Enclosed, controlled environments, stretching from sites of luxury consumption to urban food production, are proliferating in cities around the world, utilising increasingly advanced techniques for (re)creating and optimising microclimatic conditions for different purposes. However, the role of automated control systems—to filter, reprocess and reassemble atmospheric and metabolic flows with growing precision—remains under-researched. In this article, we explore the phenomenon of automated environmental control at three sites in the UK city of Sheffield: a botanical glasshouse, a luxury hotel and a university plant growth research lab. In doing so, we first show how controlled environments are constituted through specific relations between the inside and outside, which are embedded in inherently political urban contexts and processes. Second, we identify the technical and ecological tensions and limits of indoor environmental control at each site which limit the scope of automation, and the considerable amount of hidden labour and energy required to maintain and restabilise desired conditions. Drawing on these more established examples of ecological interiorisation in a key moment of transition, we raise urgent questions for critical urban and environmental geographers about the possible futures of controlled environments, their practical or selective scalability, and who and what will be left “outside”, when they are emerging as a strategic form of urban adaptation and immunisation in the face of converging ecological pressures.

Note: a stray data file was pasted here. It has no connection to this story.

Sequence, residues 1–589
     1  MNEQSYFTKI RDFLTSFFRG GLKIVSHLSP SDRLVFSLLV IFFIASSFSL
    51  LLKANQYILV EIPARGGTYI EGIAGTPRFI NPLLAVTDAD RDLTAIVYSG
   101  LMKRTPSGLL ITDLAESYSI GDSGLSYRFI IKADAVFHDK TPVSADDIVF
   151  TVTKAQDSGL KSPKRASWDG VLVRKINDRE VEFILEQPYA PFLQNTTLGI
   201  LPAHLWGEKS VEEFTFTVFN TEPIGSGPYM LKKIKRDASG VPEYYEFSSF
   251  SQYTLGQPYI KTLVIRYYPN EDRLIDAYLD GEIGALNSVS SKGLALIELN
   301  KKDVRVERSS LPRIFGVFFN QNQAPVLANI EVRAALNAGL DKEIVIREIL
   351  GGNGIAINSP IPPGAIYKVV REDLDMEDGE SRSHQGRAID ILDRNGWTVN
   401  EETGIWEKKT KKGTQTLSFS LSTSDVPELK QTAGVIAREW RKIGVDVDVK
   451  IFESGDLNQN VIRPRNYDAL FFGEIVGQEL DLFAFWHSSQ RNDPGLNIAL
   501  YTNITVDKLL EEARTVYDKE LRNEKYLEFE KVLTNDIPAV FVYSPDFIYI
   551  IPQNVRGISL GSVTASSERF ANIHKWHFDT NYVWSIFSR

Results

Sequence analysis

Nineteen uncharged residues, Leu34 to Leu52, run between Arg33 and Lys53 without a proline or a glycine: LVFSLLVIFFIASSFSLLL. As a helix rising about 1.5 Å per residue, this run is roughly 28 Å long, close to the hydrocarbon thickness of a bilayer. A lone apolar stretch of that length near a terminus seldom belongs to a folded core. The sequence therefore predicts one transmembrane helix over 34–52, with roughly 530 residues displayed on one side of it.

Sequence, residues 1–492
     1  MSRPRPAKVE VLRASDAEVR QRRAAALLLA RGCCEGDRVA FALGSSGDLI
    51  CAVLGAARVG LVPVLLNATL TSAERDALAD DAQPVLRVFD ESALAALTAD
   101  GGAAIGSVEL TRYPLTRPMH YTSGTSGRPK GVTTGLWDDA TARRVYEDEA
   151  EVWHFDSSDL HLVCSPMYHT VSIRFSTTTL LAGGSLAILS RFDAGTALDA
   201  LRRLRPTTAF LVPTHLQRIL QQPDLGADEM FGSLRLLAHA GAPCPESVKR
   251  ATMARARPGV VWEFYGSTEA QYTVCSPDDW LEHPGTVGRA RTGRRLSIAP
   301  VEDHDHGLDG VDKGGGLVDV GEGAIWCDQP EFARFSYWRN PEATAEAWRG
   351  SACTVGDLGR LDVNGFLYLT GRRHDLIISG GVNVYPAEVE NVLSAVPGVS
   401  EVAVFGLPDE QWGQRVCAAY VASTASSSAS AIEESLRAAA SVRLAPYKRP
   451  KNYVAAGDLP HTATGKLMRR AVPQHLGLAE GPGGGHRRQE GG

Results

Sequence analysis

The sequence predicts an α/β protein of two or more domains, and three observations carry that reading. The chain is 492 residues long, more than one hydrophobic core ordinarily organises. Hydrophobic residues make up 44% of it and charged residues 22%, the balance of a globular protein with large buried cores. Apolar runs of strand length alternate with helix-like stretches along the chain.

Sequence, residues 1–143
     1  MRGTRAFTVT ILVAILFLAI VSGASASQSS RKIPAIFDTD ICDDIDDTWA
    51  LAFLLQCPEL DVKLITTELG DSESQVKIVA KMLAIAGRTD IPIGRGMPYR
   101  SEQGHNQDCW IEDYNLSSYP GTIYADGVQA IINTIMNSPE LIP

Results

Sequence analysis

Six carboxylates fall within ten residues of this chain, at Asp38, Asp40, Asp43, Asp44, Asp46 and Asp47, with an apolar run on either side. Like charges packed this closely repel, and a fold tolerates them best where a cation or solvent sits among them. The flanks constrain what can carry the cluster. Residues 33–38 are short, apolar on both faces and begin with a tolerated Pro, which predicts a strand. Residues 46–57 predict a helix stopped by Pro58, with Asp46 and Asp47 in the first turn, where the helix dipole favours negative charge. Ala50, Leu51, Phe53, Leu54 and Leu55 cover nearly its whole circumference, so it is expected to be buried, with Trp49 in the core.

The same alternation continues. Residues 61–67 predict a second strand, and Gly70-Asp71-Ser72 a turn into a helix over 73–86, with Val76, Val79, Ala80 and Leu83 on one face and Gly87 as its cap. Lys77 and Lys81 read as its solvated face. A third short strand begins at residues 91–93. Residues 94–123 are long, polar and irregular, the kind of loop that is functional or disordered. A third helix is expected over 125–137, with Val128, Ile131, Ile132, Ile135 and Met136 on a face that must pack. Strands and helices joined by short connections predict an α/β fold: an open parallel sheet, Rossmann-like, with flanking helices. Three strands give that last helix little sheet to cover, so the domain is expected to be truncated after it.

- automated environmental control
- controlled environments
- indoor environments
- urban political ecology